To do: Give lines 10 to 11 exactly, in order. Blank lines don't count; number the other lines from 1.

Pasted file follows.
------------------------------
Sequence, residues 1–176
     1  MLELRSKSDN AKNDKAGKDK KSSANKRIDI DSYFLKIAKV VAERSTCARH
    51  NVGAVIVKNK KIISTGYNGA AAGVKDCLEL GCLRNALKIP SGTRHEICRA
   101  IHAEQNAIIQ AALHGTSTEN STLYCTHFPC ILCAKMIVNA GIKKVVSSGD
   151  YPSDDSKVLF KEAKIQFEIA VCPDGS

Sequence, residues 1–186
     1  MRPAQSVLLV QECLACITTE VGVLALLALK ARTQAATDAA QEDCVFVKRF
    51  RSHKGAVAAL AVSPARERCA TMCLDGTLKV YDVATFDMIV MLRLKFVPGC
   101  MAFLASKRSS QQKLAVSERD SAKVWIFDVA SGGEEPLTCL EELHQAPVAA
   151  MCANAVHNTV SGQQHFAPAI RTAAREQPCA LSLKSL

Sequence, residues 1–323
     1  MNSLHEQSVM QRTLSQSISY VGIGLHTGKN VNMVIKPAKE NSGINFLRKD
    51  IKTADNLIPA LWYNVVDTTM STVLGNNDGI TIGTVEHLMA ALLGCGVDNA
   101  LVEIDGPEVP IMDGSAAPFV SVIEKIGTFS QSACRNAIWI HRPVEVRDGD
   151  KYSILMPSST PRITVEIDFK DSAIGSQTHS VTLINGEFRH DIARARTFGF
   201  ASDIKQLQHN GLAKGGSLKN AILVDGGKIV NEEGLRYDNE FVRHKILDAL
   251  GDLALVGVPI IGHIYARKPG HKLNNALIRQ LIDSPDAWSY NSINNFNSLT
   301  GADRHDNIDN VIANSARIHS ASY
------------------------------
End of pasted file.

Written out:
   151  MCANAVHNTV SGQQHFAPAI RTAAREQPCA LSLKSL

Sequence, residues 1–323